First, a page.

Health officials say consumers should not eat fresh bagged spinach, after 20 states reported dozens of new cases of E. coli, including one that ended in death.
Here are some guidelines from the Food and Drug Administration and the Centers for Disease Control and Prevention for food preparation to help you reduce the risk of bacterial contamination:
Fresh fruits and vegetables can be contaminated if they are washed or irrigated with water that is contaminated with animal manure or human sewage.
During food processing, other foodborne microbes can be introduced from infected humans who handle the food, or through cross contamination from some other raw agricultural product.
The way that food is handled after it is contaminated can also make a difference in whether an outbreak occurs. Many bacterial microbes need to multiply to a larger number before enough are present in food to cause disease. Given warm moist conditions and an ample supply of nutrients, one bacterium that reproduces by dividing itself every half hour can produce 17 million progeny in 12 hours.
As a result, lightly contaminated food left out overnight can become highly infectious by the next day. If the food were refrigerated promptly, the bacteria would not have multiplied at all. In general, refrigeration or freezing prevents virtually all bacteria from growing but generally preserves them in a state of suspended animation.
Fruits and vegetables consumed raw are a particular concern. Washing can decrease but not eliminate contamination, so the consumers can do little to protect themselves.
What can consumers do to protect themselves from foodborne illness in fruits and vegetables?
For now, the FDA says do not eat any bagged spinach. They say washing alone may not clear off all the E. coli bacteria.
Other vegetables and fruit: Washing is the best bet. Thoroughly wash all fresh fruits and vegetables, especially those that are to be eaten raw, in running tap water to remove visible dirt and grime.
Remove and discard the outermost leaves of a head of lettuce or cabbage. Because bacteria can grow well on the cut surface of fruit or vegetables, be careful not to contaminate these foods while slicing them up on the cutting board, and avoid leaving cut produce at room temperature for hours.
Children under 5 years old, those whose immune systems are compromised, and the elderly should avoid eating alfalfa sprouts until their safety can be assured. Methods to decontaminate alfalfa seeds and sprouts are being investigated.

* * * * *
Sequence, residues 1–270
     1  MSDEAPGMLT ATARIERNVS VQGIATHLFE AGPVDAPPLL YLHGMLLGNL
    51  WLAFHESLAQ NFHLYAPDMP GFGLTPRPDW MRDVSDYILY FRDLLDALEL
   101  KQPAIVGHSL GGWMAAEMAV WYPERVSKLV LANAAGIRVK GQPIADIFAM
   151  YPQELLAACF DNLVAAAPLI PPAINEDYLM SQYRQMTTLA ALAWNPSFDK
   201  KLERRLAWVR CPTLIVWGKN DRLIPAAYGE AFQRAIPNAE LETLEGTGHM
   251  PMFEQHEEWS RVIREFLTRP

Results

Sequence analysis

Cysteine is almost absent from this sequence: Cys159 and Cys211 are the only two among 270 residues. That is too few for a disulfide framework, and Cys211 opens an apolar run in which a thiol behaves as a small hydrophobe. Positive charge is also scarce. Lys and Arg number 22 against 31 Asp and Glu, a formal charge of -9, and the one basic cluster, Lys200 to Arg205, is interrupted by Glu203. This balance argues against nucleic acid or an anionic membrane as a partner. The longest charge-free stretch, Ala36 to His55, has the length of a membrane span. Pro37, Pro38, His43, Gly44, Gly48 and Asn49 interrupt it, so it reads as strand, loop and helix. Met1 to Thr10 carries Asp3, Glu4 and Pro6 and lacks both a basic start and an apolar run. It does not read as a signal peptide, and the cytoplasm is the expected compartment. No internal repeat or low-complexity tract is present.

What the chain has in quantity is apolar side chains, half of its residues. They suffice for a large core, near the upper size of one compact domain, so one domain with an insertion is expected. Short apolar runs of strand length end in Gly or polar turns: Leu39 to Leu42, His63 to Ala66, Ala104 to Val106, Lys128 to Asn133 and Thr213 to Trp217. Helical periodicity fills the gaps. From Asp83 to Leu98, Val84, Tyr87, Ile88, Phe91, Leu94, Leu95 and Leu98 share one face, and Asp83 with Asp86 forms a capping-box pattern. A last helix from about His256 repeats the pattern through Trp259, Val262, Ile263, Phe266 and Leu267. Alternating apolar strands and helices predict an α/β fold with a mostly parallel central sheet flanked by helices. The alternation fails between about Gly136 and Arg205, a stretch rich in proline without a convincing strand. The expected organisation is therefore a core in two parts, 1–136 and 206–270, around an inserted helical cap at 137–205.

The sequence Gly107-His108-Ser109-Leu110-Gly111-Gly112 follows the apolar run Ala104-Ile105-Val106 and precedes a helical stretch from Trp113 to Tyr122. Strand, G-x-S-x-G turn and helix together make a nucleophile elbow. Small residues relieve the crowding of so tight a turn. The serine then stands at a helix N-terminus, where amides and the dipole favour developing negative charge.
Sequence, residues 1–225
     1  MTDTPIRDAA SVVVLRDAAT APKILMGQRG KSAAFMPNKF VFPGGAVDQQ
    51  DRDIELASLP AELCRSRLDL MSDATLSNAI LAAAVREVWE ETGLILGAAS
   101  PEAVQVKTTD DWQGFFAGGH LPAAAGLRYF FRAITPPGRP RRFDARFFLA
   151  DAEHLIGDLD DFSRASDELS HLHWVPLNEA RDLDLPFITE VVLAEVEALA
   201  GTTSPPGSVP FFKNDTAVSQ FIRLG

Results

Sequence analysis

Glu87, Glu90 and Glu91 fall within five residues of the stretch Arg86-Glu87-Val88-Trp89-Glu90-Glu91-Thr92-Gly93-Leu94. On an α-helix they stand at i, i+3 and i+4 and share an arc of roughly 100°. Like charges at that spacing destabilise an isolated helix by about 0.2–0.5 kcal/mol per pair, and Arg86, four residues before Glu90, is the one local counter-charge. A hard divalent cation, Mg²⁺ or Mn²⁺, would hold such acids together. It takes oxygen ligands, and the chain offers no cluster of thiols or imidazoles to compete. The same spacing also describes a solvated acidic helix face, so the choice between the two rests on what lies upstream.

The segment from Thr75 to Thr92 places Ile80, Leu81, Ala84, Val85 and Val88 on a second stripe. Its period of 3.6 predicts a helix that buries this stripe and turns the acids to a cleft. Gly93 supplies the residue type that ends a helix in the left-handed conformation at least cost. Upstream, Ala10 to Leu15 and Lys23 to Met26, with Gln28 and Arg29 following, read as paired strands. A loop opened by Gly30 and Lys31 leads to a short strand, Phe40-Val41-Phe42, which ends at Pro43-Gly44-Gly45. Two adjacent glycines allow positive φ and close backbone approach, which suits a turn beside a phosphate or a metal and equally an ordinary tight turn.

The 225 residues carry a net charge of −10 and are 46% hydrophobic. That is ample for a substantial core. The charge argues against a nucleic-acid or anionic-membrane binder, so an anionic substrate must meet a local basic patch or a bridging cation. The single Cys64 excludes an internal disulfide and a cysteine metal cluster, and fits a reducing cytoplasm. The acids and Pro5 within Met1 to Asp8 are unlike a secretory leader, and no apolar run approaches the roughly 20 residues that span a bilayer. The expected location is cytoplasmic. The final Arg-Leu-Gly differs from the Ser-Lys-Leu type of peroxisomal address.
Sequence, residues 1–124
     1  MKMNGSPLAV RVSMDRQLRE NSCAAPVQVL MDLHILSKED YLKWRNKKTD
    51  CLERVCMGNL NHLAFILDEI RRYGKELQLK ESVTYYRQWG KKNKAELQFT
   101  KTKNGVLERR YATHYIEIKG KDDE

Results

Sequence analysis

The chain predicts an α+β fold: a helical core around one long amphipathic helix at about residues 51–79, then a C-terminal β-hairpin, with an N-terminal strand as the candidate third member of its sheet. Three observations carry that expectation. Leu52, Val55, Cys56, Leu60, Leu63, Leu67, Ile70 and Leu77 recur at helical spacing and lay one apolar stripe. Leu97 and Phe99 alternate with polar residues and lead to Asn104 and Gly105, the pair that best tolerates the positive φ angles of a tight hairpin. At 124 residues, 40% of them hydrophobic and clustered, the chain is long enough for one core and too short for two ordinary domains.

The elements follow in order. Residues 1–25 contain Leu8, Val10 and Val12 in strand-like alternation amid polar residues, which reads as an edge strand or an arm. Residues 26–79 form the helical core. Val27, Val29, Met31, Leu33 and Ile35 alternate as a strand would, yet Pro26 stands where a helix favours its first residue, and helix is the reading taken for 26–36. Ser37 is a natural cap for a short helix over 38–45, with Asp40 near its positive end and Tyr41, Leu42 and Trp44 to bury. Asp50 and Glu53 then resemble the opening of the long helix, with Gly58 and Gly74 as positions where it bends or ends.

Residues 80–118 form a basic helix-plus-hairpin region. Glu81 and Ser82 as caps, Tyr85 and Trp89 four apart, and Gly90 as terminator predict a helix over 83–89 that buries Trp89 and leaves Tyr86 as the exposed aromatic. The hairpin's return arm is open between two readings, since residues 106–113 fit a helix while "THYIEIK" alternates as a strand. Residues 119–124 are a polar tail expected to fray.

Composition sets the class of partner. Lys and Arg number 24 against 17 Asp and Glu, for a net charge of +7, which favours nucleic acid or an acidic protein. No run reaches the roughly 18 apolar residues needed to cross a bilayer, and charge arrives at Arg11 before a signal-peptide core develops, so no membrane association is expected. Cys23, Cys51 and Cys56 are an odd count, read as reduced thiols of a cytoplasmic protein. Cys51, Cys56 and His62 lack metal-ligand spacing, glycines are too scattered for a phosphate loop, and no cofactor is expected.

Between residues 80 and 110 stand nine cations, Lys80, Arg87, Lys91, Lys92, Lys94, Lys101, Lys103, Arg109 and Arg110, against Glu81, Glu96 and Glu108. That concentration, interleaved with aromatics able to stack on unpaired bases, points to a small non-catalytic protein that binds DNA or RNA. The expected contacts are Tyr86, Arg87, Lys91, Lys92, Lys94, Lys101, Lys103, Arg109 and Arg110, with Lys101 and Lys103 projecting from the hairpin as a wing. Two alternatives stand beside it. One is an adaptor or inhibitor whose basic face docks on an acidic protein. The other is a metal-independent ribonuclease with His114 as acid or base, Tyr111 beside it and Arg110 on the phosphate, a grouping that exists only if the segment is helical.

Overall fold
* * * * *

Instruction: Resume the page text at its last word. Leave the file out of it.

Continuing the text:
And don't be a source of foodborne illness yourself. Wash your hands with soap and water before preparing food. (E. coli often spreads through feces.) Avoid preparing food for others if you yourself have a diarrheal illness. Changing a baby's diaper while preparing food is a bad idea that can easily spread illness.
What can you do to prevent an E. coli O157:H7 infection?
Cook all ground beef and hamburger meat thoroughly. Because ground beef can turn brown before disease-causing bacteria are killed, use a digital instant-read meat thermometer to ensure thorough cooking.
Ground beef should be cooked until a thermometer inserted into several parts of the patty, including the thickest part, reads at least 160 degrees. Those who cook ground beef without using a thermometer can decrease their risk of illness by not eating ground beef patties that are still pink in the middle.
If you are served an undercooked hamburger or other ground beef product in a restaurant, send it back for further cooking. You may want to ask for a new bun and a clean plate, too.
Avoid spreading harmful bacteria in your kitchen. Keep raw meat separate from ready-to-eat foods. Wash hands, counters and utensils with hot soapy water after they touch raw meat. Never place cooked hamburgers or ground beef on the unwashed plate that held raw patties. Wash meat thermometers in between tests of patties that require further cooking.
Drink only pasteurized milk, juice or cider. Commercial juice with an extended shelf life that is sold at room temperature (juice in cardboard boxes, vacuum sealed juice in glass containers) has been pasteurized, although this is generally not indicated on the label. Juice concentrates have also been heated sufficiently to kill pathogens.
Drink municipal water that has been treated with chlorine or other effective disinfectants.